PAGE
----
During the quarterly briefing, management said it expects to deliver three more A321 converted freighters this year and in October send the first A330 to Airbus’ Elbe Flugzeugwerke for cargo overhaul. In total, ATSG plans to lease a record 19 aircraft this year, including 14 B767-300s, including four 767-300s that were placed with customers in July for seven years. Three A330s are being acquired this year for lease to customers in 2024. The plan is to have a fleet of 119 freighters in the fleet by year-end, up from 113 today.

That type of investment takes money. 

ATSG said it heard the message last spring from investors concerned about the level of planned capital expenditures during a prolonged airfreight recession, and is dialing back projected spending by $65 million, from $850 million to $785 million in 2023. A third of the amount is for heavy maintenance and the rest for fleet growth. The decrease resulted from postponing purchases of two A321 aircraft for lease in 2024 and fewer planned overhauls of engines for aging 767-200s, six of which have been removed from the fleet and will be stripped for usable parts and engines.

Company officials say they will time future investments in new aircraft closer to when production slots for conversions open up, which should increase liquidity without impacting planned delivery schedules. But they aren’t retreating from their investment strategy despite the current freight transport recession, pointing to e-commerce growth and increasing need for replacements as a large tranche of aging cargo jets start being deactivated.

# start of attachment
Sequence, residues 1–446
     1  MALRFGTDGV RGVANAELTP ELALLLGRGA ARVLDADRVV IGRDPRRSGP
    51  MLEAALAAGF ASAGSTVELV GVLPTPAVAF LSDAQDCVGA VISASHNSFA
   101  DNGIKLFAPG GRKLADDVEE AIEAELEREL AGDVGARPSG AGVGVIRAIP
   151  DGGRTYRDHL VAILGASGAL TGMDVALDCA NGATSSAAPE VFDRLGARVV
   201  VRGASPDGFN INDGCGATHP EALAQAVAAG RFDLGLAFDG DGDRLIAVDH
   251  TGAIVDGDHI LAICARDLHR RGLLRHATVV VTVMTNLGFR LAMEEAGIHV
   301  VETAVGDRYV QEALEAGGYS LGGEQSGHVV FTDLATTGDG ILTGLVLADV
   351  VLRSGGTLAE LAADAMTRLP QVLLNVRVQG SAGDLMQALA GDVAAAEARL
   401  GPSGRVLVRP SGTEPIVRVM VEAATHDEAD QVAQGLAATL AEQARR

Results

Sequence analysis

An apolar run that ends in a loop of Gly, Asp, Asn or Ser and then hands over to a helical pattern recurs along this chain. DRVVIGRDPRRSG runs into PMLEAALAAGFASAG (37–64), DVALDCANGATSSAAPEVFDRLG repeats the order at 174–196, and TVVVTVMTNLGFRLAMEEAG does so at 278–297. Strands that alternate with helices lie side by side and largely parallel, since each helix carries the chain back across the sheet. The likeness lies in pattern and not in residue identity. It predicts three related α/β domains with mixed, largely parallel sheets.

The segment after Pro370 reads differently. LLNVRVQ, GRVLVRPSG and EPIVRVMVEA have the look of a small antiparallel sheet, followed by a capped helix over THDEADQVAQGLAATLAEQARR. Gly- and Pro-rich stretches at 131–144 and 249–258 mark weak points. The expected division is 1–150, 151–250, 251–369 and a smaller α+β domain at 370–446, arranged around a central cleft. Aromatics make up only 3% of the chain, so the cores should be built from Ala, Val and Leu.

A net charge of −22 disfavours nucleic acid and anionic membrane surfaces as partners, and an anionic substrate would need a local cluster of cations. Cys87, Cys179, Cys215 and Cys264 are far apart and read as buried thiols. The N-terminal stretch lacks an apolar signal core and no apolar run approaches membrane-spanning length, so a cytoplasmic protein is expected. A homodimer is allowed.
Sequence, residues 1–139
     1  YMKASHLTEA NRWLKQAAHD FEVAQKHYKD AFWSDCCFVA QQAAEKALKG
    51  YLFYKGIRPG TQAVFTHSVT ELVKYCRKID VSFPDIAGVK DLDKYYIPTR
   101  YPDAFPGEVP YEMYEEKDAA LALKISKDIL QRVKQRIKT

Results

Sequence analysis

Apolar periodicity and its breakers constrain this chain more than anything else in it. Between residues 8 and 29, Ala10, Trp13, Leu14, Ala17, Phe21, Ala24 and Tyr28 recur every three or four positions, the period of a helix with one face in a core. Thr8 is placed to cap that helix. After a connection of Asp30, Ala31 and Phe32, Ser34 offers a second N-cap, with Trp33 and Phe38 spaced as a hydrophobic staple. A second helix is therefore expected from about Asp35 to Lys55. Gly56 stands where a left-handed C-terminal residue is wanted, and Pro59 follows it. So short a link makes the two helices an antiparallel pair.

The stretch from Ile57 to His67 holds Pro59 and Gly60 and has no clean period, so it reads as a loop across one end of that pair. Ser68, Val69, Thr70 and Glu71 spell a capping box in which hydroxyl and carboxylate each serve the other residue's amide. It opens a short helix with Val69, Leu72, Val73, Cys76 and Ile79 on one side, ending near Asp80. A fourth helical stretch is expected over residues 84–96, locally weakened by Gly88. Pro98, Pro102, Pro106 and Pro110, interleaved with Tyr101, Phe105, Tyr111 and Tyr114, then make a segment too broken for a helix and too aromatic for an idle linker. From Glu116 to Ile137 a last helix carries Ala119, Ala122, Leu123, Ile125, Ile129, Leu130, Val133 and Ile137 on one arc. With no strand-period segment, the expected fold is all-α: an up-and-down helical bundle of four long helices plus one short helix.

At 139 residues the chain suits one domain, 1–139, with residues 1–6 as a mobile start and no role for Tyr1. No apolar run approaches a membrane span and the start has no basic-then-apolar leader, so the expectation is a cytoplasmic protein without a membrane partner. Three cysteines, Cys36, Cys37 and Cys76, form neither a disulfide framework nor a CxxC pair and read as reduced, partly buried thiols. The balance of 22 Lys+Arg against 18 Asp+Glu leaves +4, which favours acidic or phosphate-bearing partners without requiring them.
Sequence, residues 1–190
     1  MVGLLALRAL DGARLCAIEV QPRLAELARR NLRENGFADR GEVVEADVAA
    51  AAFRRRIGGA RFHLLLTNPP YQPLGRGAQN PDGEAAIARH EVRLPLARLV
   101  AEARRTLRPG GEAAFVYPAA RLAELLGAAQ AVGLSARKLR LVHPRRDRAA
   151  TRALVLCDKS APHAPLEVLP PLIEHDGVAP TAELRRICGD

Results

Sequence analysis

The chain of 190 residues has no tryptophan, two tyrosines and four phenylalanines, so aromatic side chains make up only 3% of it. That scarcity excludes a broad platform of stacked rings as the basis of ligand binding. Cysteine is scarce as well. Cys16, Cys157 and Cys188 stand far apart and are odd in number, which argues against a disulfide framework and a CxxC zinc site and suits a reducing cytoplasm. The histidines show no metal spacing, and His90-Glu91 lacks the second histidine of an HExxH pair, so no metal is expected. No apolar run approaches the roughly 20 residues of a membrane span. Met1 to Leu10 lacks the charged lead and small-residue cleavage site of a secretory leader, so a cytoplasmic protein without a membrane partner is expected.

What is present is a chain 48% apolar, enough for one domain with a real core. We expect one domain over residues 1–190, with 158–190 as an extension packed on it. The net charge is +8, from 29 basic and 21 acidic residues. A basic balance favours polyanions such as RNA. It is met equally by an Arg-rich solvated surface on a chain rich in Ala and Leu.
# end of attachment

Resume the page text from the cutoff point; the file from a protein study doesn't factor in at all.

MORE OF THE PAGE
Last Wednesday, ATSG announced plans to sell $350 million in senior debt that gives investors the option of converting notes into shares of the company. Analysts say they expect the offering to be upsized to $400 million. About half of the money will go to pay off an existing convertible bond due for repayment in 2024 and $118 million will be used to buy back 5.4 million shares, including 1.17 million owned by Amazon – its largest customer. That leaves up to $80 million in debt left over for capital expenditures. The company indicated it will pay down loans from its credit line and then borrow again when it’s time to buy more planes and conversion jobs.

Amazon (NASDAQ: AMZN) owns nearly 20% of ATSG and has warrants allowing it to increase its holding to 40% but appears to be deliberately trying to stay below the 20% ownership threshold for some unknown regulatory reason, said Stifel equity analyst Frank Galanti in a client note.

As ATSG goes through its growth phase and starts receiving lease revenue from new aircraft, it will have plenty of free cash flow to use for reducing debt, management says. 

Positive leasing, airline results

Analysts gave ATSG good grades for its second-quarter performance considering the prolonged downturn in air shipping that has seen global rates tumble 40% to 50% year over year. Revenue increased 4% to $393.4 million (reported as CA$529 million) year over year thanks to a rebound in passenger charter business, 13 more 767-300 freighters deployed to customers, and annual price escalators kicking in for Amazon and DHL Express contracts. Adjusted earnings before tax and accounting measures of $116.7 million were comparable to the prior year and better than in the first quarter.

ATSG’s stock is up more than 12% to $22.59 per share since releasing earnings on Aug. 3.

Leasing subsidiary Cargo Aircraft Management posted a 2% gain in revenue because of higher lease rates and more 767-300s under contract, offset by the scheduled return of 10 767-200s since last summer, including seven in the second quarter. Most of the 767-200s are coming off expiring leases with Amazon’s in-house airline, which relinquished four during the quarter and could return up to eight aircraft this year. Amazon has a new contract with Hawaiian Airlines to fly 10 Airbus A330-300 converted freighters, the first of which is scheduled to enter service in October, and has said the planes are for replacing aging 767-200s.